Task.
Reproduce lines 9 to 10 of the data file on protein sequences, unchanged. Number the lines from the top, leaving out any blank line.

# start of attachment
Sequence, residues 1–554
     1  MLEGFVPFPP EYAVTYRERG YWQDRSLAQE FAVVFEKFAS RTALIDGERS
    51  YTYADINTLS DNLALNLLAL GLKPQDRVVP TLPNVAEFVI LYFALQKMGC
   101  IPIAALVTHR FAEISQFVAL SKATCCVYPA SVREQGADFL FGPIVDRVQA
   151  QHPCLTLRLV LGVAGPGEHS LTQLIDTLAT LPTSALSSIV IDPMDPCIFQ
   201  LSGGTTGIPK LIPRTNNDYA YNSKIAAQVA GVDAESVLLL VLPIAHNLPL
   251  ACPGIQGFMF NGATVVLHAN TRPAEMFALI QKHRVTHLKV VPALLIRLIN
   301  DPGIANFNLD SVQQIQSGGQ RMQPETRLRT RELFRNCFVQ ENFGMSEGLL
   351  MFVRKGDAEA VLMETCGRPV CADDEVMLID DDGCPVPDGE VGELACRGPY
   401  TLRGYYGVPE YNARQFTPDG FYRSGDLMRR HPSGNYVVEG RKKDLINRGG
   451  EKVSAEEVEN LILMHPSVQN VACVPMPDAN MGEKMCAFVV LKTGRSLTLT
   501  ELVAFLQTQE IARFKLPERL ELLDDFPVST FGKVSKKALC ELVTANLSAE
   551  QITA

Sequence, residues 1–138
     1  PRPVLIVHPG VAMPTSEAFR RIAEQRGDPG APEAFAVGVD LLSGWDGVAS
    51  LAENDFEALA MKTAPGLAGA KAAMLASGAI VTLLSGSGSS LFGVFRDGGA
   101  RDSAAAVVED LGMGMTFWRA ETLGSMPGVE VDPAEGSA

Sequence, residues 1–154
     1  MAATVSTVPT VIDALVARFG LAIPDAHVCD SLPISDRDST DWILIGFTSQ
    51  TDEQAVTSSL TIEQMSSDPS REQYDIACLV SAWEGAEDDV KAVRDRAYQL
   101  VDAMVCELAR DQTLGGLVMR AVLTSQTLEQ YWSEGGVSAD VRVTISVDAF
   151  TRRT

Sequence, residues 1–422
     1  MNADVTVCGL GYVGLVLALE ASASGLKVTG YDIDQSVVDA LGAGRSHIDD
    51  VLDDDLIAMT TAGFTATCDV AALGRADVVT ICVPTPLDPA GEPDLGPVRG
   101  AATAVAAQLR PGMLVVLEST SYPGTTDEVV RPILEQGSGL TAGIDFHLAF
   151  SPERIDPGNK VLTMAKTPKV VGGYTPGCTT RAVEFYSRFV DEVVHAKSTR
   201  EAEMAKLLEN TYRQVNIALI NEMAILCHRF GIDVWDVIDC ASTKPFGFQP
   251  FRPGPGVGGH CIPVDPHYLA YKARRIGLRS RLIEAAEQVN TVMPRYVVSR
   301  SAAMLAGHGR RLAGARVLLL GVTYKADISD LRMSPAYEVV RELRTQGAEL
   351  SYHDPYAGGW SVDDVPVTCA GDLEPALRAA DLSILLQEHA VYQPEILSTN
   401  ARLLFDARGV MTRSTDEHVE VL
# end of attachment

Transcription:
   351  MFVRKGDAEA VLMETCGRPV CADDEVMLID DDGCPVPDGE VGELACRGPY
   401  TLRGYYGVPE YNARQFTPDG FYRSGDLMRR HPSGNYVVEG RKKDLINRGG